Internet used to be a measly dial up connection that only a handful of families had access to at home. Now dial up is no longer in existence, and just about any device you can think of comes WiFi enabled from refrigerators to door locks. We use more WiFi than ever before and expect to have it while grocery shopping, while at work, and even on airplane trips.
With the rise of WiFi enabled devices and the increasing dependence on the need for Internet, our desire for a fast, reliable connection has grown. But with so many devices in one room demanding WiFi, how can we ensure those demands are met?
First, let’s discuss how traditional wireless works. A signal is sent to the device you’re using from a router or access point, if you have multiple devices on an 802.11n connection they are most likely “fighting” for data. This results in each device getting a slower, poor connection that isn’t efficiently distributed. Much like a garden hose with multiple punctures in it, the water will still flow through but it will be slow and leak over the place. The Institute of Electrical and Electronics Engineers (IEEE) solved this problem when they released the 802.11ac Standard that included MIMO for wireless devices.
What’s MIMO, anyway?
On a simple level Multiple Input, Multiple Output (MIMO), pronounced (mee-mo) refers to antenna technology that allows the sending of more than one data signal over the same radio channel. In reference to wireless, MIMO refers to the use of multiple antennas both at the transmitter and the receiver. Your cellphone is most likely a 1x1 MIMO device, meaning it can only send and receive data via a single stream, while most computers are 2x2 MIMO. Think of it as if you were filling a pool with water (but this hose doesn’t have holes), if you have one hose the pool will still get filled, just much slower than if you had 2 or 3 hoses. In this sense, MIMO provides a much faster connection to your various devices. The more streams sending and receiving data, the less congestion and the faster the speed.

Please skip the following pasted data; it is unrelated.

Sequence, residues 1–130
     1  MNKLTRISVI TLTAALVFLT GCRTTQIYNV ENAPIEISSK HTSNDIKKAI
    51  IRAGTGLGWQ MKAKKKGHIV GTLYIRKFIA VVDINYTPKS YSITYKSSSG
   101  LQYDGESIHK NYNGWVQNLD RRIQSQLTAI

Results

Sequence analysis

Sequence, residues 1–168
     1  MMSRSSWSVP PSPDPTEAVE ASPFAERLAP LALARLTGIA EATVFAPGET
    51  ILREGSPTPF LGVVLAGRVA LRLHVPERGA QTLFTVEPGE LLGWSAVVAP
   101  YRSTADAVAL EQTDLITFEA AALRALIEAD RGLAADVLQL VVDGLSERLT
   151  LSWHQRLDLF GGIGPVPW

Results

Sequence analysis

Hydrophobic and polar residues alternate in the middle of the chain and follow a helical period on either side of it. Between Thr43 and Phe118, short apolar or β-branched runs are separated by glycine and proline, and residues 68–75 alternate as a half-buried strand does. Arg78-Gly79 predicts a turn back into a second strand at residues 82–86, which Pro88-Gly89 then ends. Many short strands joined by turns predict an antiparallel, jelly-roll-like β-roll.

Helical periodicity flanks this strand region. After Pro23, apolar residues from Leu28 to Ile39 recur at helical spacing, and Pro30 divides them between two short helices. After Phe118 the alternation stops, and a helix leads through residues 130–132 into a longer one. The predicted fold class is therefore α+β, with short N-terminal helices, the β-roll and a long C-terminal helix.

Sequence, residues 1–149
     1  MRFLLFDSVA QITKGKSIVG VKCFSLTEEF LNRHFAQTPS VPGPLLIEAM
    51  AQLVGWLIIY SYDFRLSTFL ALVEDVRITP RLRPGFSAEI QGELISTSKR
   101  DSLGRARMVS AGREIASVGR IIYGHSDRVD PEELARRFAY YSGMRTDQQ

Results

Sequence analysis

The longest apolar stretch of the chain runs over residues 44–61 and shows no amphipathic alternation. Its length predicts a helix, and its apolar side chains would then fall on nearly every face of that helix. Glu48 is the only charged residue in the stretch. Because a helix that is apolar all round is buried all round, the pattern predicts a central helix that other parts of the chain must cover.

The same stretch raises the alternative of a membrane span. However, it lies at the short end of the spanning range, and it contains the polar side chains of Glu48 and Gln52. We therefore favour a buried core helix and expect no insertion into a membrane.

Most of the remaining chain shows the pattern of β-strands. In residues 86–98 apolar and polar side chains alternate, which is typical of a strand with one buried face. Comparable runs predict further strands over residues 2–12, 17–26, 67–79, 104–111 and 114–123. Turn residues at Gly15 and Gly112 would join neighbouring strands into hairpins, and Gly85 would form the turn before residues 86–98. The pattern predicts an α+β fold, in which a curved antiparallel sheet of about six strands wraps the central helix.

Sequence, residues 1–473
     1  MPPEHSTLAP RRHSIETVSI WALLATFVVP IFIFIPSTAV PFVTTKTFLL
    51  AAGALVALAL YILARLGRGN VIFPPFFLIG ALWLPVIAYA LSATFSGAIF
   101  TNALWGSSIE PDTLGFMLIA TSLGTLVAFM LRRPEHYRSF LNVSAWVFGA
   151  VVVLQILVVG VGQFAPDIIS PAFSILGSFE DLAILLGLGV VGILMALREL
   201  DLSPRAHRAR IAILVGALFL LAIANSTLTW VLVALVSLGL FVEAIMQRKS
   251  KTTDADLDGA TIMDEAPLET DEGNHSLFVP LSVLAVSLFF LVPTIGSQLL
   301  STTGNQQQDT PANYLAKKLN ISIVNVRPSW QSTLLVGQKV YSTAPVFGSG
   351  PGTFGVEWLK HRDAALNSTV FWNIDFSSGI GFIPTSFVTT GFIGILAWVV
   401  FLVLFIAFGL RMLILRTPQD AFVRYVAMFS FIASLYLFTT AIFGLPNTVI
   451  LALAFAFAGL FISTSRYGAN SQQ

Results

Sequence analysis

Ok, so theoretically if MIMO 3x3 has three “antennas” this must be the best, right? So why then do the GWN7600 and GWN7600LR (coming soon) utilize a 2x2? The technology in these devices is slightly different, and comes as an advancement of 802.11ac Wave 2. These access points use Multi User-Multiple Input, Multiple Output, pronounced (moo-mee-mo).
Multi user means that there are multiple antennas, but instead of sending multiple signals to the same direction (MIMO for example), they can send multiple signals to different stations. The hose example above still applies, 3 hoses will certainly fill a pool faster but there are additional benefits with the use of MU-MIMO. For example, in an office scenario, where each employee has 3 or four devices— a laptop, work cellphone, personal phone, and a tablet, MU-MIMO ensures a faster connection with shorter active radio time, saving the battery life of these multiple devices. This is because the access point is able to provide multiple connections to multiple devices at the same time, without the drawbacks of sharing. Unlike 802.11n the devices don’t need to “fight” for data since it’s distributed in an efficient manner.
Grandstream’s GWN7600 and the upcoming GWN7600LR Outdoor Access Point both utilize 2x2 MU-MIMO keeping you connected wherever you are (even if you’re sitting at the pool). If you’re interested in learning more about the various WiFi standards, see my previous post outlining them here.